Monday, February 16, 2009

Instructor's Tip: Flash Tip

I hope you enjoy this week's "Instructor's Tip" by one of my favorite instructors, award winning nature photographer Russ Burden. To learn more about how Russ captured this image, join him on one of his photo tours. Visit Russ Burden Photography to get more information.

Flash Tip
Many inventions known to modern man are true wonders. I can pick up a phone and converse with someone halfway around the world. I can’t believe I can send a fax from an airplane and somehow the words, symbols and illustrations magically fly through the air and are transformed to paper hundreds of miles away. In complete darkness I can create an image by placing a battery powered flash atop my camera and record what I can’t even see.

I love doing macro work. A large percentage of my close up images are made with flash. I have a special bracket that mounts to the tripod socket of my camera body. On the bracket, I mount two flashes. One is off to the left and above the lens. The other is to the direct right of the camera. The higher one is the main light which connects to the hot shoe via an accessory cord. This allows complete TTL auto exposure capability. The other is a manual unit that provides 1 1/2 stops less illumination and is used as fill. This light is triggered by a photo slave to synchronize it with the main light. I set my aperture to f22 and fire away. In the image of the dahlia, the shadow from the main light. is considerably softened. Without the second flash to act as fill, the image would depict a lot of contrast."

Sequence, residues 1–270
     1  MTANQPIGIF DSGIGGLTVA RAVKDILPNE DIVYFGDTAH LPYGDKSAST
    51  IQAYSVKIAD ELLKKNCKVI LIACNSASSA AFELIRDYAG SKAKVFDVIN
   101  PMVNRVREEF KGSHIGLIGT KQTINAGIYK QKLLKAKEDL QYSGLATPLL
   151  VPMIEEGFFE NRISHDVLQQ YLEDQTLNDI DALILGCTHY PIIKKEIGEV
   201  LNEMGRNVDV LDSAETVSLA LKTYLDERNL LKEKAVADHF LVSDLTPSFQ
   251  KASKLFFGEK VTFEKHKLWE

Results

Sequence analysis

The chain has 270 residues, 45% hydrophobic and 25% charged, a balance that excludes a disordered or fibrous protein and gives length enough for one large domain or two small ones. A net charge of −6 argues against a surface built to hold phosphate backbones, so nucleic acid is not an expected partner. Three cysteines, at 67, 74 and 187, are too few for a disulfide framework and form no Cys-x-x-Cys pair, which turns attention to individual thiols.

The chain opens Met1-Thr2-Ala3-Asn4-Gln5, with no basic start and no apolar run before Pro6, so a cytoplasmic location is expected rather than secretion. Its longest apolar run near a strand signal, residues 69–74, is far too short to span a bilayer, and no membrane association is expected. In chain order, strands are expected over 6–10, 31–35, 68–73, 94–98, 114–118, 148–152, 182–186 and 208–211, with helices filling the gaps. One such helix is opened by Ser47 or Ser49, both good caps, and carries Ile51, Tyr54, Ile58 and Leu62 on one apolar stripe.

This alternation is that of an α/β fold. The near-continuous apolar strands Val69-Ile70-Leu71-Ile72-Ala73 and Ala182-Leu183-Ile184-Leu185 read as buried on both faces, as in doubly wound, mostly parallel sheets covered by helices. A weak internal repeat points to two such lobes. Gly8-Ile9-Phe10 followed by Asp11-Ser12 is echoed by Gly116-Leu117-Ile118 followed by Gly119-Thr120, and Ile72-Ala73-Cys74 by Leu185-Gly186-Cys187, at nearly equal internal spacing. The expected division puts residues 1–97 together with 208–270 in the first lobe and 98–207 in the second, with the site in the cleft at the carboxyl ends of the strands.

To learn more about this subject, join me on one of my photo tours. Please visit to get more information.

To take a class with Russ or a fellow Digital Photo Academy instructor in your area, check out the Digital Photo Academy. I took Russ' intermediate and advanced courses last year, and he continues to be a strong source of knowledge and encouragement as I progress in my photography.

Don't forget to check Take Great Pictures for Russ' most recent tips. On the home page, click on the "Photo Tips And Techniques" button in the left hand column. Additionally, check out his "Digital Tip of the Month" found by clicking on the Digital Photography button.

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